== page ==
by Col Anil Athale (Retd)
Indo-Pak relations have seen so many false dawns that one is sceptical that the current moves can yield any different results. On 18 March 2021, Pakistan’s Army Chief General Qamar Javed Bajwa gave a call to India and Pakistan to bury the past and look to future of peaceful relations. He echoed similar sentiments expressed by Pakistani PM Imran Khan a day earlier at the first ever Islamabad Security dialogue. These statements came on the back of a renewed cease fire along the LOC (Line of Control) agreed to by the DGMOs (Director General Military Operations) of both the countries a few days earlier. It is indeed a ‘unique’ event since for the first time initiative has come from Pakistani side. On all earlier occasions, be it Indus Water treaty by Nehru, Tashkent agreement signed by Shastri, Shimla agreement by Indira Gandhi and Lahore bus trip initiative by Vajpayee, it was India that initiated the efforts for peace. So what has changed this time around? Answer to this question is crucial in predicting the future course of Indo-Pak relations.
There are three aspects of Indo-Pak relations that need deeper consideration. The relations can be analysed at tactical, strategic and ideological levels. Tactically the cease fire on LOC (line of control) is more beneficial to Pakistan than India. The reason for this asymmetry is the fact that border on the Pakistani side is far more heavily populated than on Indian side. Thus co-lateral damage to the civilian population is much greater on the Pakistani side. At another level, with closer Indo-US and Indo-Israeli co-operation, at the tactical level the technological balance is slowly but surely turning in favour of India. No amount of Chinese military aid can offset the technological superiority of Western arms.
At strategic level, the air strike by India on Balakot camp in2019 showed up Pakistani strategic vulnerability since Pakistan lacks strategic depth. Many of its major targets are close to border and within artillery and standoff air weapons range. Converse is not true for India.
Given this situation, there is convergence of tactical and strategic factors in case of Pakistan that favour peace with India. But as seen earlier, the path of peace between India and Pakistan is strewn with train wrecks! The reason for this is the Pakistani ideology and the resultant societal mindset it has generated. It is due to the ideological factor that has led Pakistan to follow a policy of hostility to India at the cost of tactical, strategic and economic costs.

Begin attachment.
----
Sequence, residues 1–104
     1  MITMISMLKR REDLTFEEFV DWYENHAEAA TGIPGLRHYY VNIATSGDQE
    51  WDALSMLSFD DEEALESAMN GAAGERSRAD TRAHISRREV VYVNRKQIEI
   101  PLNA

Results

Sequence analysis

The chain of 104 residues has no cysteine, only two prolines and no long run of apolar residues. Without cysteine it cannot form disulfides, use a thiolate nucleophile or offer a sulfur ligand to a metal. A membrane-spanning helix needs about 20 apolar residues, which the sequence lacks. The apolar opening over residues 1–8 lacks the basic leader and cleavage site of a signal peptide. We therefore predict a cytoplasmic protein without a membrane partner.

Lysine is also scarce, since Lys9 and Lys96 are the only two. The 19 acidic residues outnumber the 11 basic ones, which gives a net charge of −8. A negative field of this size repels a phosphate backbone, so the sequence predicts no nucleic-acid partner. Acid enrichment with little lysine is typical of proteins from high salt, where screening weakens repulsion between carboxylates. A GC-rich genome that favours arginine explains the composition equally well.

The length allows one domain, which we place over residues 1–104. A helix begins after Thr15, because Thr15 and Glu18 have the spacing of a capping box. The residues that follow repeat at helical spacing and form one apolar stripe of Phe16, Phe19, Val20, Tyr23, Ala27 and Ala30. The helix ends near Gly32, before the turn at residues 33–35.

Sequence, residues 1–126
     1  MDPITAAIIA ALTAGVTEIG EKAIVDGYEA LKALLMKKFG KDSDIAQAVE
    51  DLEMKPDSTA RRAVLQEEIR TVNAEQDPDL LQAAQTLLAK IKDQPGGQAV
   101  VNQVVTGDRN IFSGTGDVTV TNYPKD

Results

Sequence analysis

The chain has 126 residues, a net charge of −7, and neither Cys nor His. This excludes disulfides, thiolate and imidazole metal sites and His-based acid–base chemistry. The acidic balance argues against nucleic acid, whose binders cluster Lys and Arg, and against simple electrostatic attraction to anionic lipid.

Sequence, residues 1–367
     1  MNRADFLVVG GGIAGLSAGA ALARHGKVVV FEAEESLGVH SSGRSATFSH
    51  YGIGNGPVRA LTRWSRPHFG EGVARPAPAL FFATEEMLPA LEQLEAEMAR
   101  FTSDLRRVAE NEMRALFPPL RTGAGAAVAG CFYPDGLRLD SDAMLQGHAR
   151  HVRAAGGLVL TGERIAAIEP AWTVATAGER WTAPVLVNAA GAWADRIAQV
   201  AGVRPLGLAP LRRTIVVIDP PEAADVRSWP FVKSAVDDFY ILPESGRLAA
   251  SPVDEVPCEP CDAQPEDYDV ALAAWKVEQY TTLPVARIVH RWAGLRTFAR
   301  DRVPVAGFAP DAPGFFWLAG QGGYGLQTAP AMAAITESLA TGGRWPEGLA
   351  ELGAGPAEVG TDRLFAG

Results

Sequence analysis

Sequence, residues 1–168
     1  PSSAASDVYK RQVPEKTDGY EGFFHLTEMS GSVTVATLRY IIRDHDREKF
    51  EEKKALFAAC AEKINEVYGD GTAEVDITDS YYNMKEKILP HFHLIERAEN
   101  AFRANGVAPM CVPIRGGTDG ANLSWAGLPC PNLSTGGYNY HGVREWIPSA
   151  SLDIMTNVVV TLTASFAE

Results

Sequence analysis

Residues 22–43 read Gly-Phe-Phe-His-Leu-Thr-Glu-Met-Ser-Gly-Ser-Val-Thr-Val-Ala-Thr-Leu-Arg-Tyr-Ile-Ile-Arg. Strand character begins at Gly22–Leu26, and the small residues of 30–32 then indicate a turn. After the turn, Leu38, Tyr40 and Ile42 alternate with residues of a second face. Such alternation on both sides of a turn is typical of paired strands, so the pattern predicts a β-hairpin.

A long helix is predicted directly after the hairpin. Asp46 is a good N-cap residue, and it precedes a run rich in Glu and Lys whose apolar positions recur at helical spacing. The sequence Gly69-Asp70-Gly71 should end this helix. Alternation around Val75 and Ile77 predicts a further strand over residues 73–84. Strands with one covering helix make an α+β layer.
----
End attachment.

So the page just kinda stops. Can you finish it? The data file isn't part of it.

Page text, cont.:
Pakistan believes that India is an artificial creation and in time it will break up into several states and Pakistan will emerge as the single biggest state on the subcontinent. This found its most eloquent expression in a very colourful language by General Ayub Khan during his visit to the US in July 1961. This author who has studied the original JFK archives, found that Ayub confidently told President Kennedy that India will not last for 10 years and will breakup. It is another matter that within that time frame it was Pakistan that actually broke up into two parts. In the early 1960s Pakistan, through its Eastern Wing, gave full support to Naga and Mizo rebels in North Eastern India. This notion of fragility of Indian unity found an upsurge in 1980s when Pakistan (aided and abetted by US & UK) whole heartedly supported the Khalistani separatist movement in Punjab. In newspaper columns and in popular writings, Pakistan still believes that insurgency is still rampant in Indian North East, contrary to the situation on ground. It is this notion of imminent break up of India that has been responsible to sustain the Pakistani hostility and aggressive posture towards India.
There is also a lingering jingoism born out of notion of Pakistani ‘Martial Race’s’ superiority vs Indian ‘Bania’. A veteran of 1947 Kashmir conflict, late Lt. Gen. Eric Vas, had once told this author (and also written about in his book ‘Without Baggage History of 1947-48 Kashmir Operations) that the Pak supported Tribal raiders vehicles had slogans “Chalo Delhi”. Closer to our time, the failed Operation Grand Slam of Pakistan in 1965, envisaged the Pak armour reaching Delhi. As a real world consequence of this mindset, in 1965 Indo-Pak war, Pakistan dropped its elite SSG (Special Service Group) commandos at Adampur and Halwara airfields in Punjab, nearly 200 kms in depth from border. One Pakistani soldier being equal to ten Indians was a belief that engendered many adventures from 1965 to Kargil 1999.
But the most fundamental premise of Pakistan, certainly since 1980s, is that they are not Indians but Arabs/Turks/Iranians who have conquered the land called Pakistan. Brainwashed through a warped curriculum, most Pakistanis believe that their history begins in seventh century with conquest of Sindh by Mohhamd Bin Qasim. All past before that date is rejected as myths and stories.
A rest in Indo Pak relations needs to begin with acceptance of its Indian sub continental origin by Pakistani society. This would indicate that the peace overtures are not mere tactical or strategic ploys but Pakistan genuinely desires peace.